Director: Rob Marshall
Starring: Daniel Day-Lewis, Marion Cotillard, Judi Dench, Penelope Cruz, Nicole Kidman, Kate Hudson, Sophia Loren, Fergie
Oh, Nine, you disappointed me. Maybe it's my own fault because I had such high expectations for so long, but why shouldn't I have had high expectations? The cast is phenomenal, it's based on both a popular play and a classic film, and it's directed by Rob Marshall, whose feature film debut Chicago I loved (seriously, I will defend its win for Best Picture to the death). So what went wrong? Maybe it's a case of too many good things in one place, but make no mistake: something has gone terribly, terribly wrong here.
The film is an adaptation of the stage play that is itself an adaptation of Federico Fellini’s 8 ½ and follows director Guido Contini (Daniel Day-Lewis) as he struggles to pull his next film together. Sets have been built, costumes are being made, screen tests are being performed, interviews about the impending work have been conducted; the only thing missing is a script. Contini is blocked, hindered by the failure of his most recent films and driven to distraction by the women in his life; he just can’t pull himself together long enough to find inspiration and put it down on paper.
Now, about those women: there’s his wife Luisa (Marion Cotillard), once a great actress but now just his support system; his mistress Carla (Penelope Cruz); his muse Claudia (Nicole Kidman); his confidante/wardrobe mistress Lilli (Judi Dench); his mother (Sophia Loren); and an American reporter (Kate Hudson) determined to get an exclusive, of sorts, with him. There is also Seraghina (Fergie), the local prostitute of his childhood memories who still sparks his imagination. Now, when I first saw the cast list for this film and read Day-Lewis, Cotillard, Cruz, Dench, Loren, Kidman, Hudson and Fergie, my first thought was something along the lines of, “one of these things is not like the others.” Let it be said, however, that Fergie’s brief time on screen the only time when the film really seems to come alive and her number, “Be Italian,” is the only one with any genuine fire in it (though Cruz gives it the old college try with “A Call From The Vatican”). The film’s biggest problem, ultimately, is that aside from “Be Italian,” none of the musical numbers is particularly memorable. Not a good sign for a musical.
The other problem, one which might not be so glaring if the music itself was stonger, is that the characters don't have much in the way of depth. We get to know Guido pretty well and Cotillard is given enough time to etch out a moderately distinct character (truth be told, the only resonant moments in the film are in the scenes between Day-Lewis and Cotillard), but the others are as thin as paper. In dress and manner Carla is the antithesis of Luisa - that's apparently all we need to know about her in order to understand her relationship with Guido. What is it about Claudia that inspires Guido so? What are we supposed to take away from Guido's flirtation with the sycophantic reporter? Nine depends on the audience to respond to the actors rather than the characters so that you fill in the blanks by saying, "Guido is drawn to Carla because she's Penelope Cruz; Guido is inspired by Claudia because she's Nicole Kidman; Guido flirts with the reporter because she's Kate Hudson; etc." This isn't the fault of the actors; it's because, metaphorically speaking, the film is too busy looking down at its feet and counting the steps to invest itself in the moment and create a genuine foundation for its glossy, beautiful surface. It all looks amazing but it never relaxes enough to become anything more than an assemblage of parts.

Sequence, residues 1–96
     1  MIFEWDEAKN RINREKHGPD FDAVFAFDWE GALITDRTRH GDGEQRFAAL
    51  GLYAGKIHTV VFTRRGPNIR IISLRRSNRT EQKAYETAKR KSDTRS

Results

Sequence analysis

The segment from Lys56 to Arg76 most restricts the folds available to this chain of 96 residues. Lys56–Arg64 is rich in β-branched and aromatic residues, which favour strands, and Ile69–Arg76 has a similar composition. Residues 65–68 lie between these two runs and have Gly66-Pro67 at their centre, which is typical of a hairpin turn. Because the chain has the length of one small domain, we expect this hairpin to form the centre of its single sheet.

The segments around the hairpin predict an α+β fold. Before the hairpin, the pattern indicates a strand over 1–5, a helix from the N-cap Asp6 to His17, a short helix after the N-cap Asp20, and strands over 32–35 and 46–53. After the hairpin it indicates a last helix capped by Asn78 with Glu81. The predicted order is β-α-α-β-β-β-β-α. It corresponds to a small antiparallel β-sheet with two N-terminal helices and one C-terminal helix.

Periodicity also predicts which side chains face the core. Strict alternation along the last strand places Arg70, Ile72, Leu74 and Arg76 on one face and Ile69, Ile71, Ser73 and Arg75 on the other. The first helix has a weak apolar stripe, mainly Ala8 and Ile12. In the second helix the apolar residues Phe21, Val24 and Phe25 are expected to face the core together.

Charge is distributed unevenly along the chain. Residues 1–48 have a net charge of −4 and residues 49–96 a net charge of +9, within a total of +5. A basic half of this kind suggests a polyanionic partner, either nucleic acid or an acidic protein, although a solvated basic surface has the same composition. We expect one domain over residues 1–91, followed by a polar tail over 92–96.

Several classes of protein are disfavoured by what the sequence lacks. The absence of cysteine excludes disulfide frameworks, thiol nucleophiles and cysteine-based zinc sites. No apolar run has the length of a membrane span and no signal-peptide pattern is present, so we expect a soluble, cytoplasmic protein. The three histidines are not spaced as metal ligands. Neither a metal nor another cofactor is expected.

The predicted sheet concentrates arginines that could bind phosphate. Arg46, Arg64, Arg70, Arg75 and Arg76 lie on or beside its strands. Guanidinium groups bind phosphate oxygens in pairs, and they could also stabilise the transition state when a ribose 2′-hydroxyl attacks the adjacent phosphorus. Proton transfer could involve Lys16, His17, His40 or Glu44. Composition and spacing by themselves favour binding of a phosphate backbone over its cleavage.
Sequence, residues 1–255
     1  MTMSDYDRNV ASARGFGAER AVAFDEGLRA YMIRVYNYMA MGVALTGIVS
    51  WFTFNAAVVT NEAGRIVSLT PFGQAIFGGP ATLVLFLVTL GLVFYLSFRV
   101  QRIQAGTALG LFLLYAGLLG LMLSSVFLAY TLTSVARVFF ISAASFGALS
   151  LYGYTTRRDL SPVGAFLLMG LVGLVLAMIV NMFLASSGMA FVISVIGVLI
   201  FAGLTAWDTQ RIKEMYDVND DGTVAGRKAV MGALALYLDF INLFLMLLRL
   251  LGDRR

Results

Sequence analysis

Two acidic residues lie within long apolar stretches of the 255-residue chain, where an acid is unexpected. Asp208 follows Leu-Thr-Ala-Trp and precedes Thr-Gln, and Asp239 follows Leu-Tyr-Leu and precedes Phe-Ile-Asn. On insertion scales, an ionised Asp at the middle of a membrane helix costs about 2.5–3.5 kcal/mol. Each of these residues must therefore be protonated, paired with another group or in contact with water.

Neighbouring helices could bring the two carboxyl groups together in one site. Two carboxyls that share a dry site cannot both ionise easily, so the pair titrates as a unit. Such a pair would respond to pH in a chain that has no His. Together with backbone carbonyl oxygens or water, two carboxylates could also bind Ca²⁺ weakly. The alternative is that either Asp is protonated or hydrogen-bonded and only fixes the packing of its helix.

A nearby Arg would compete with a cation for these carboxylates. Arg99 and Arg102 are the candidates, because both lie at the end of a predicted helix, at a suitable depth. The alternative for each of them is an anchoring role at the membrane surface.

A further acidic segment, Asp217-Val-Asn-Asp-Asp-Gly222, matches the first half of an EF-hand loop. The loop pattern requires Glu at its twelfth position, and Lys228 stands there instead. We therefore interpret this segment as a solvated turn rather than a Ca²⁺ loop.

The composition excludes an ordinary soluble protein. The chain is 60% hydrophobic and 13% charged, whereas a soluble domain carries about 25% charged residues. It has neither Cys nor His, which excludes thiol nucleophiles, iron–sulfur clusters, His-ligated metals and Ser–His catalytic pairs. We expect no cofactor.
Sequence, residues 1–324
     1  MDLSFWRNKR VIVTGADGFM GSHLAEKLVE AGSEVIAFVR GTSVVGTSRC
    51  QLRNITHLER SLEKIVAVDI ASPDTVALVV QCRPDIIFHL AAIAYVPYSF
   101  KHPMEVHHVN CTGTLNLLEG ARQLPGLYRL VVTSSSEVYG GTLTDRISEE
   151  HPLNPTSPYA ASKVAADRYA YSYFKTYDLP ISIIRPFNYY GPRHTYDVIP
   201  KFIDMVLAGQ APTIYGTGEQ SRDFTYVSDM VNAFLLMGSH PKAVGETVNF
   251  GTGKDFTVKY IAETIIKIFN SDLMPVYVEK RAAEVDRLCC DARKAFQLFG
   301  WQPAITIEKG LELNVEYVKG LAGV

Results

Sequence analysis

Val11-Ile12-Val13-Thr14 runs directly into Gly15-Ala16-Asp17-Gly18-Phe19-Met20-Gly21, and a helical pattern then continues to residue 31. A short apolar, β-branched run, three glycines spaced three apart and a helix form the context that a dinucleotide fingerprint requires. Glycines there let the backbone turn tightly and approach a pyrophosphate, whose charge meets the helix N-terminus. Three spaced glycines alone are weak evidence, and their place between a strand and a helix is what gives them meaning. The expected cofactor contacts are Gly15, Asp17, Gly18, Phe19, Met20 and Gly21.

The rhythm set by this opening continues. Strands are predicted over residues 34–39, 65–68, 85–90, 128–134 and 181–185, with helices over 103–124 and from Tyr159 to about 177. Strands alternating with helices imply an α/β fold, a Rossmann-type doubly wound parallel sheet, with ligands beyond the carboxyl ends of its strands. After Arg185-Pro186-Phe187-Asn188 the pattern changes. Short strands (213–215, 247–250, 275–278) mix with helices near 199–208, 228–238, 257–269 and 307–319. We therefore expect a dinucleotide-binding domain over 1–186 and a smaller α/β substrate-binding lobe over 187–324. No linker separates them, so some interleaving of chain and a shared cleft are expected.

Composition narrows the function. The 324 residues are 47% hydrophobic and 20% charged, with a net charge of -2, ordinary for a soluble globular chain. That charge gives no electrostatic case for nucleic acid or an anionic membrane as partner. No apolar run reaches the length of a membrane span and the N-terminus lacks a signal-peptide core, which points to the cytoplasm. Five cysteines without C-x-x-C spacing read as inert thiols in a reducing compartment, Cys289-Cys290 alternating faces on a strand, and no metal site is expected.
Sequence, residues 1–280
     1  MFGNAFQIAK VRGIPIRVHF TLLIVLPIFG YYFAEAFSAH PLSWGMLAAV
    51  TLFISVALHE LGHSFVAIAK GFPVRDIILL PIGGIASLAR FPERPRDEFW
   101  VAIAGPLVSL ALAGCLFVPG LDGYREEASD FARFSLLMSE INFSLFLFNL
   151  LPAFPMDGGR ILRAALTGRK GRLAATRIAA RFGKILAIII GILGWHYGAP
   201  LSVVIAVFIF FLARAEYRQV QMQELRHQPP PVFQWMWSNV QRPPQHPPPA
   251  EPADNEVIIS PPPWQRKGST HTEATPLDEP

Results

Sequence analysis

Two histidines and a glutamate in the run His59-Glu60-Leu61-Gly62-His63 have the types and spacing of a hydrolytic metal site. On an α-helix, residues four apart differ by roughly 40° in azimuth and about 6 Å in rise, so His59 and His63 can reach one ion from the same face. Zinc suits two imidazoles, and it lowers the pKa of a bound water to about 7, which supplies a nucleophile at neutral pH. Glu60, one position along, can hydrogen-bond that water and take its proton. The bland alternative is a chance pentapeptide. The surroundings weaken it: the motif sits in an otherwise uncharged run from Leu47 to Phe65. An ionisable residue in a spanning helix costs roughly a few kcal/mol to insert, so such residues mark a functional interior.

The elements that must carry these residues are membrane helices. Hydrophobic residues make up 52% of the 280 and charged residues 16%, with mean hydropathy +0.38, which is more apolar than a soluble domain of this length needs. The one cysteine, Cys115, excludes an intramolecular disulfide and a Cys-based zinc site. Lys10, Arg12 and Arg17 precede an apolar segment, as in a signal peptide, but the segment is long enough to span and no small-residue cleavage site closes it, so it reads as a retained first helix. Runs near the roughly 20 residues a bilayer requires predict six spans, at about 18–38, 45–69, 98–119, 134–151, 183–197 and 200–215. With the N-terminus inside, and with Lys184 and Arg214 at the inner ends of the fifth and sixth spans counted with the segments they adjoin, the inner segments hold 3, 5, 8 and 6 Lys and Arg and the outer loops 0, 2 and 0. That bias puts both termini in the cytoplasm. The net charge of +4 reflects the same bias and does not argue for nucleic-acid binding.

Structurally, Nine is quite similar to Chicago, with the musical numbers taking place on a stage in the imagination of the protagonist. This worked marvellously in the earlier film, but here it feels disruptive and a bit clunky. What's the difference? Roxie Hart was a spunky gal with delusions of grandeur; Guido Contini is a brooding genius who can't find happiness despite having everything available to him for the asking. Aside from the fact that Roxie is a more relatable/sympathetic character (everyone, at one point or another, has imagined being a "star" of some sort), there's also the fact that a story about wanting something has more and better energy than a story about having everything and still being unhappy. Chicago was fun and had a lot of bite to it; Nine is gloomy and kind of aimless - to be honest, there were times when I was actually quite bored with it. Like I said, it looks good (the cinematography, in particular, is gorgeous) and there are a few good moments scattered throughout (there would have to be with that much talent in front of and behind the camera), but it's ultimately a failure as a film.